Talking politics: Tim Swift, leader of Calderdale Council

Calderdale Way
Calderdale Way

Tackling congestion on the A629 will be a major achievement.

A few days ago, our Council cabinet agreed the next stages in the A629 improvements – including the outline scheme for fixing the congestion at the Calder and Hebble junction.

This will cut problems for thousands of drivers coming into and out of Halifax every day, reduce air pollution at vulnerable locations such as Salterhebble, and provide a real boost for businesses.

It’s part of a much wider programme of investment in transport – not just in roads, but buses and trains too – being delivered by Labour working in partnership across West Yorkshire – and shows that we ambition and hard work can deliver for our community.

Yes, we should be ambitious for Calderdale!

Just before the election, we set out our vision that Calderdale should be the best borough in the north. Some councillors didn’t like it – they said it was ‘competitive’. But if we think Calderdale is a brilliant place, why wouldn’t we want to aim for the best?

It certainly didn’t worry our Georgian predecessors when they built the Piece Hall. Or our Victorian ancestors when they asked some of the country’s leading architects to come up with designs for the Town Hall.

We’re seeing the same sense of ambition today in the regeneration of the Piece Hall area – which I believe will bring tens of thousands of people to Calderdale in the future; in the transport schemes highlighted above; and in the courage of local organisations in bidding for Halifax to host the Great

Exhibition of the North. Let’s remain proud of our towns, proud of Halifax, and keep aiming high!

What we need to fix the roads

Reports from the ‘Asphalt Industry Alliance’ won’t feature highly on your reading list. But if you drive a car, their Annual Local Authority Road Maintenance Survey (ALARM) should.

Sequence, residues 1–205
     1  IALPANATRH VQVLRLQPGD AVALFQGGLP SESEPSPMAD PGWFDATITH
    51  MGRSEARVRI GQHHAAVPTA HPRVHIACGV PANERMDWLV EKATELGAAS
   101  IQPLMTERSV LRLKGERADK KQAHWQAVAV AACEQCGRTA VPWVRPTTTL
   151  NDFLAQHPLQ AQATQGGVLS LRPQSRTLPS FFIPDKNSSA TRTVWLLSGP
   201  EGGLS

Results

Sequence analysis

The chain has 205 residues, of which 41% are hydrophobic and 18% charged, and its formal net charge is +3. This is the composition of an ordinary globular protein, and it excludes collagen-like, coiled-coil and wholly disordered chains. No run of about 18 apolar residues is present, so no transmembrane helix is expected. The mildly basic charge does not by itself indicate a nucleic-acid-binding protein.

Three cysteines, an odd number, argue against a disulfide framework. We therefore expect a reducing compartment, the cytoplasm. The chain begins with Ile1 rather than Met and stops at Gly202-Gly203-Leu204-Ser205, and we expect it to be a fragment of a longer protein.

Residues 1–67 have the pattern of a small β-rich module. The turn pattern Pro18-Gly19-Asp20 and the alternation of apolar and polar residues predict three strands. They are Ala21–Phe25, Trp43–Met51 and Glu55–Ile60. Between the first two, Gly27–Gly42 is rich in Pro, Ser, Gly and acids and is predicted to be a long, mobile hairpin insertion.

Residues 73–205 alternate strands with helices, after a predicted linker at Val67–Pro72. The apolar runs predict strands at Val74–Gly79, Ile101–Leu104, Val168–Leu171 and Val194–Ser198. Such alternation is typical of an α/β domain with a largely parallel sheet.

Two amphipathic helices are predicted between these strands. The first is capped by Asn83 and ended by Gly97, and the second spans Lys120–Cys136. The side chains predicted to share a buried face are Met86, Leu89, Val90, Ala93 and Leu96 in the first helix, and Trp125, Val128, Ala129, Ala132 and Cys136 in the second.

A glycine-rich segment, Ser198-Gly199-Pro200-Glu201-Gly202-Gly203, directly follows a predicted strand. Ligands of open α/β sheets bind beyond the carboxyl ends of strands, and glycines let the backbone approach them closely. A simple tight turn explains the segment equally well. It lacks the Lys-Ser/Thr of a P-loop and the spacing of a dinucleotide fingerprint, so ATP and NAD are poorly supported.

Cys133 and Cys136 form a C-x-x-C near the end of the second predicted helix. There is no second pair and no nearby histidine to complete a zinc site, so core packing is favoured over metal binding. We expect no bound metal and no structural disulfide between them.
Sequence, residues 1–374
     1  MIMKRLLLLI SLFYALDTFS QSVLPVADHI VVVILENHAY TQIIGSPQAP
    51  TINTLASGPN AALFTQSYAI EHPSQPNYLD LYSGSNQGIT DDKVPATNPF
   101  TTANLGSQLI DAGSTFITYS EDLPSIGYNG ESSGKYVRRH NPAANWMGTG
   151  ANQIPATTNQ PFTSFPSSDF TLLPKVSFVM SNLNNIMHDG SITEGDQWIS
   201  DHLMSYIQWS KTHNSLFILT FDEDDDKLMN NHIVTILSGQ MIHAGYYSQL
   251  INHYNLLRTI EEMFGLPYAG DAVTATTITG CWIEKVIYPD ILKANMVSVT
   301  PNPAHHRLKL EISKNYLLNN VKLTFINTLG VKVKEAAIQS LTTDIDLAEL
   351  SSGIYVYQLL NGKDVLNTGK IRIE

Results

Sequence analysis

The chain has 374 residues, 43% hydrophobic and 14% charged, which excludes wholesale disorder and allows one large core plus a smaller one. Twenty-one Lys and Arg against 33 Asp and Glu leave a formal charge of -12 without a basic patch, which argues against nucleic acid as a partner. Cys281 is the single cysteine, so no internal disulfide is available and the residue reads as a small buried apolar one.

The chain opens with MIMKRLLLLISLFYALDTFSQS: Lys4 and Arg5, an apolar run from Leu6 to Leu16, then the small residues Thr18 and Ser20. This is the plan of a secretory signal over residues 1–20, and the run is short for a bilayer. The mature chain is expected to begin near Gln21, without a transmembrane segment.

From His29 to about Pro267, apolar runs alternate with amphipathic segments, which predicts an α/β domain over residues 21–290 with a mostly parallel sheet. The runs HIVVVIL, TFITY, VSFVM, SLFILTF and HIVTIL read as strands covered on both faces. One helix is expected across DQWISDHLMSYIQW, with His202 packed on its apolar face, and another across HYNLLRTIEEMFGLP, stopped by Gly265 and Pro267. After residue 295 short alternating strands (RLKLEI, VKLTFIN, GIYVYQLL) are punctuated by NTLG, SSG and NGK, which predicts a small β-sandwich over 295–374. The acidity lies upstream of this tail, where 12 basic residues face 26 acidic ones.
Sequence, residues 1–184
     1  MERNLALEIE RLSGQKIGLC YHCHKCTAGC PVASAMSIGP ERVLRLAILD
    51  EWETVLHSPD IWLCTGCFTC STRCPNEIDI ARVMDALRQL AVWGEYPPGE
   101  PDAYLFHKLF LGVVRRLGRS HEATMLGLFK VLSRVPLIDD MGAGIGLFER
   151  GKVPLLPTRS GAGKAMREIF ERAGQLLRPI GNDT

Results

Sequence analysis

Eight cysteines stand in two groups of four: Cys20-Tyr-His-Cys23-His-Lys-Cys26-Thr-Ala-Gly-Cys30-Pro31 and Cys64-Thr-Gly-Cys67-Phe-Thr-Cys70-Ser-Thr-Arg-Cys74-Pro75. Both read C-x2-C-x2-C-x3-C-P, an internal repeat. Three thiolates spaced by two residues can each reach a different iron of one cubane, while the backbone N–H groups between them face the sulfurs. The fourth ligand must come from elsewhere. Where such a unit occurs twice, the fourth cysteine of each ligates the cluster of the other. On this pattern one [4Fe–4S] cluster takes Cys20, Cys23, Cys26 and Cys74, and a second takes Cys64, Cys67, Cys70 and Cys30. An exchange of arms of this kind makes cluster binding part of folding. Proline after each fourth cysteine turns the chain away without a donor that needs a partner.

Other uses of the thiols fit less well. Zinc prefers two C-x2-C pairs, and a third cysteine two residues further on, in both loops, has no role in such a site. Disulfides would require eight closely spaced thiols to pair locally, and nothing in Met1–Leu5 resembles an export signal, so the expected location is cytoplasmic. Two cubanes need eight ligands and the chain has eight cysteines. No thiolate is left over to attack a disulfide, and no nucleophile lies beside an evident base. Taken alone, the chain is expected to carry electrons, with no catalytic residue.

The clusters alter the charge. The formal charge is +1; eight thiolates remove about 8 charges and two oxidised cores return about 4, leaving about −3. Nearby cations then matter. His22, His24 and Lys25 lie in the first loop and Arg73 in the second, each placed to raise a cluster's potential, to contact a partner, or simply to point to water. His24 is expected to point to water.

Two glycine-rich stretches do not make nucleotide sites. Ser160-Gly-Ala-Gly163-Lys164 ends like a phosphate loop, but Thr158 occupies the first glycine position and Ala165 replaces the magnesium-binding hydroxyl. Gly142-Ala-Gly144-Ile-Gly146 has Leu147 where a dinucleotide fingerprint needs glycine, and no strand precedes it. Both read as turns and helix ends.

What it tells us is, year on year, how inadequate government funding means a big and growing problem with the state of our roads.

Nationally, minor roads and roads on local estates are only likely to get fully resurfaced every 100. Across the country, even the most important roads will have to wait an average of 35 years between resurfacing. And as traffic volumes grow – and heavy rain and flooding cause further damage – that’s not good enough.

In total, £12 billion is needed across Britain to deal with the state of our roads.

It’s obvious that the Government’s occasional gimmick of handing Calderdale a few hundred thousand pounds to ‘fill potholes’ is simply scratching the surface. Like every council, we’re facing a huge problem that only major funding can address.

So next time you see a local Conservative councillor pointing at a pothole, ask them what they are doing to get the Government to fund the huge spending gap which is the main cause of the poor state of our local roads.